Revisitation • The Golden Sea, It Has Teeth • open edition giclée print

⊛ The Golden Sea, It Has Teeth  ⊛ open-edition giclée print

⊛ The Golden Sea, It Has Teeth
⊛ open-edition giclée print

The sea; it churns, froths, then explodes.  

The golden shape launches upwards into the sky, blotting out the sun, casting its glorious shadow.  It is mesmerizing.  Scintillating.  Awesome in its scale and intricate ferocity.  It commands your rapturous gaze.

If only it weren't for those teeth.  Those many, many, uncountable teeth.

Even after all this time, I’m still surprised that ancient Japanese mythology doesn’t include a shark god in the pantheon. At least not one that I’ve been able to fish out. 

In fact, there’s a sad lack of sharks in Japanese legends altogether. Here’s what I’ve been able to find so far:

• Prince Ōnamuji gives some good advice to a rabbit that has been skinned by sharks. Or crocodile-fish. Same thing, right? The rabbit prophesies that he, despite his lowly position, will marry the Princess Yakami. At best, sharks are lateral to the story, not even appearing in person and barely even getting a mention. Sharks should not stand for such humiliation. (source)

• Howori (Or HoOori), ancestor of Japan’t first emperor and descendant of Japan’s first man/deity, Izanagi, marries a woman named Toyotama who transforms into a shark while giving birth to their son Ugaya. She then flees into the sea because her husband witnessed this (shades of Orpheus). Granted, being married to a shark would be a bit of a shock, but nothing a demigod couldn’t adjust to. After all, if she hasn’t chomped on you yet, despite the inevitable squabbles, chances are she’s not going to. (source)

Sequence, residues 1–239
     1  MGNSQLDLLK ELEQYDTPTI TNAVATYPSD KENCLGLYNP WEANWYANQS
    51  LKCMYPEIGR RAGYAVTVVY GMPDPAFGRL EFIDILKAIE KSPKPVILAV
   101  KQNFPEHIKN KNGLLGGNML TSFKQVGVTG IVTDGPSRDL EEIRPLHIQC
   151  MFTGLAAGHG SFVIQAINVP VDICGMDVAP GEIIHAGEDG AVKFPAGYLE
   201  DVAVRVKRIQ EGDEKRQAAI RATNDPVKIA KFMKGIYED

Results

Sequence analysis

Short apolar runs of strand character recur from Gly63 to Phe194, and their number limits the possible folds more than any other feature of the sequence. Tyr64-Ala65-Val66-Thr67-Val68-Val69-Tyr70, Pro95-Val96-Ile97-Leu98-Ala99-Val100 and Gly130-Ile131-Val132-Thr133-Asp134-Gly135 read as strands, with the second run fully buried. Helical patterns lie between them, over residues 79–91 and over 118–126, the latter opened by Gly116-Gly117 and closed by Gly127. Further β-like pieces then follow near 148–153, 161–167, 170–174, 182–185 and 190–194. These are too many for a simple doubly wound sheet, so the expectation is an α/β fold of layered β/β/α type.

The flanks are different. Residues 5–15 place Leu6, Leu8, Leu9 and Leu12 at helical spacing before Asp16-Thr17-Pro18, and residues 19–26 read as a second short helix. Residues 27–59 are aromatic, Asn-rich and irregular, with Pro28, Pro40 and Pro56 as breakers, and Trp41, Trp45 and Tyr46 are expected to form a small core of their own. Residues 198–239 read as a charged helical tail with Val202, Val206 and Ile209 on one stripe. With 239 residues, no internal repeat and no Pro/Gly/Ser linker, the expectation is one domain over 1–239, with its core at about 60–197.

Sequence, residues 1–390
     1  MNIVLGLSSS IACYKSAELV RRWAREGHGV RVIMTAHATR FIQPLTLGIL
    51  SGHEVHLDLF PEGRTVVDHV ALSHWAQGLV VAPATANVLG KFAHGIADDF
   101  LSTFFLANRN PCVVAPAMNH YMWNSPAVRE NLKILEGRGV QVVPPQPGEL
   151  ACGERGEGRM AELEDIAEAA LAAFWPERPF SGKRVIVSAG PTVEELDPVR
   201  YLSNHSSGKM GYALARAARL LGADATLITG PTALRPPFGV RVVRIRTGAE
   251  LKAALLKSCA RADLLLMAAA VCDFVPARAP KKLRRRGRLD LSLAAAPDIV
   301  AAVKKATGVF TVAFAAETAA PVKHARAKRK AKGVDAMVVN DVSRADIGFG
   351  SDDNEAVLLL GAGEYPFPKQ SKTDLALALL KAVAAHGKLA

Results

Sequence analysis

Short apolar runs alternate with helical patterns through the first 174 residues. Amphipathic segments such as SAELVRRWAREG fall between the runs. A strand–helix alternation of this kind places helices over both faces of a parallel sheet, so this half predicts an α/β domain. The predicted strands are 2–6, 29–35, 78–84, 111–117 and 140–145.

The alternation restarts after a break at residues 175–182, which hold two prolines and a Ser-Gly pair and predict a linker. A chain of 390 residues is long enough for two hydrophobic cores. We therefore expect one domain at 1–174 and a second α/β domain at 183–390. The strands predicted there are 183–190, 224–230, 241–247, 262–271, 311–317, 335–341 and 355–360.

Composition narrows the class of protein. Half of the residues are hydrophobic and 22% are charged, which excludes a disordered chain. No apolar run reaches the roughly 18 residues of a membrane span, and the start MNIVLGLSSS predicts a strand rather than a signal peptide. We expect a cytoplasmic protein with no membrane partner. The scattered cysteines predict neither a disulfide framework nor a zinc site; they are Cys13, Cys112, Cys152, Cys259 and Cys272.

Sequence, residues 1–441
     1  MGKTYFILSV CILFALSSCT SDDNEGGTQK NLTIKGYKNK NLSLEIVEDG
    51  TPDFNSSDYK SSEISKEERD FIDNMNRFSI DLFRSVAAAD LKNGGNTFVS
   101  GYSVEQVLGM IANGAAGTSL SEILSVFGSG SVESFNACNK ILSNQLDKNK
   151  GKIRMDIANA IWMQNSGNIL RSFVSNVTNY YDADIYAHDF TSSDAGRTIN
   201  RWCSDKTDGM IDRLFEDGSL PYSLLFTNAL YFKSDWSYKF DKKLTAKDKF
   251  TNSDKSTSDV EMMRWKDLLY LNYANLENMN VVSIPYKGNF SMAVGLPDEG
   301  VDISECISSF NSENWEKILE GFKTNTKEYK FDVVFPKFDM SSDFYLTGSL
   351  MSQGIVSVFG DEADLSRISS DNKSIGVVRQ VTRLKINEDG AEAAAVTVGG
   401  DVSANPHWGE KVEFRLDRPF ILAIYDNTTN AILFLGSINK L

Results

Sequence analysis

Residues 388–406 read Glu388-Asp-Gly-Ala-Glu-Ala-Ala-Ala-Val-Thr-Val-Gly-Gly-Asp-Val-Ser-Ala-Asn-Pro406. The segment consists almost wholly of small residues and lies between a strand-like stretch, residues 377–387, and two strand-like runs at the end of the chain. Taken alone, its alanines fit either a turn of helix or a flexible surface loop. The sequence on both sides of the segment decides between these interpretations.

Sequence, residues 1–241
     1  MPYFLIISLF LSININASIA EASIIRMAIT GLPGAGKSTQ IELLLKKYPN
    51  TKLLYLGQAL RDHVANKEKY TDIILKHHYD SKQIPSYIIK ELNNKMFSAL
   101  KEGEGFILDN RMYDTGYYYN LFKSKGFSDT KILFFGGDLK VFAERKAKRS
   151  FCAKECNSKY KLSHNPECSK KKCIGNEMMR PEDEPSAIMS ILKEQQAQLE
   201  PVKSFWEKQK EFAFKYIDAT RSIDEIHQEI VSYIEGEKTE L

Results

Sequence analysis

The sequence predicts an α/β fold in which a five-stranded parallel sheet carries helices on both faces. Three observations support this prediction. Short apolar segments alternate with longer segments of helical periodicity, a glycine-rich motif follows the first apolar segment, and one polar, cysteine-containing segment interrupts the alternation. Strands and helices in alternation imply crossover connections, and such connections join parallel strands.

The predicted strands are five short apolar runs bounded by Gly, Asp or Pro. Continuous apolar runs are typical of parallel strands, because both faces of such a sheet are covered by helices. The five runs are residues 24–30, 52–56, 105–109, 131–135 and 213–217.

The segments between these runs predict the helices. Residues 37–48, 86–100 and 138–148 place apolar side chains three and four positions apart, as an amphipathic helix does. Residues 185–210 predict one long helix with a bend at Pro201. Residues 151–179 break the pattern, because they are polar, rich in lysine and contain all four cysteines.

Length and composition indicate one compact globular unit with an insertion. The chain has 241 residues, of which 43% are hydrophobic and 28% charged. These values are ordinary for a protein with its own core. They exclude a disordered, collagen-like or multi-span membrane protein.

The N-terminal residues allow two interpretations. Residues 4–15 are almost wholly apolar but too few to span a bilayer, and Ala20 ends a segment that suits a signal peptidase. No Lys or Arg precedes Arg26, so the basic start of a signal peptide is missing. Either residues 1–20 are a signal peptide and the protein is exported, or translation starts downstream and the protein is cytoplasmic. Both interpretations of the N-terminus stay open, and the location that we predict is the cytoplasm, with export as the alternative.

• And then there’s the Isonade which is basically a giant shark-like sea serpent with a barbed tale. 

And that’s about it. Almost makes you feel bad for the poor lamnidae.

So, when I was approached with a request to make a shark-themed art piece, I decided to add to the mythology. Like all good deities, this one had to be huge, and fancy,and shiny.

If I recall correctly, The Golden Sea, It Has Teeth was the first time I really embraced chiyogami in my art.

I’d used it before to add patterns and texture, but never so prominently.  After all, it's pretty much the bulk of our toothsome protagonist and the focus of the piece.

As usual, I set off with other plans. Probably gray or a more traditional shark color. That’s why, when testing papers, I always try to lay out a couple pieces that I’m pretty sure won’t be right. Usually, they are horrible mistakes. Occasionally though, they turn out to be a revelation. 

The Golden Sea, It Has Teeth is the sixth print to return to the shop, in all it’s oceanic majesty.

Maybe even more exciting for print collectors, sets are back! It’s been at least a year since I was able to offer deals on grabbing up a handful of prints. I finally figured out a way to do it! Yippee!

Choose from either your favorite 3 or must-have 5 open-edition giclées. One word of caution… I’m planning on introducing a bunch more prints over the next few weeks, so you might want to hold out a little while longer.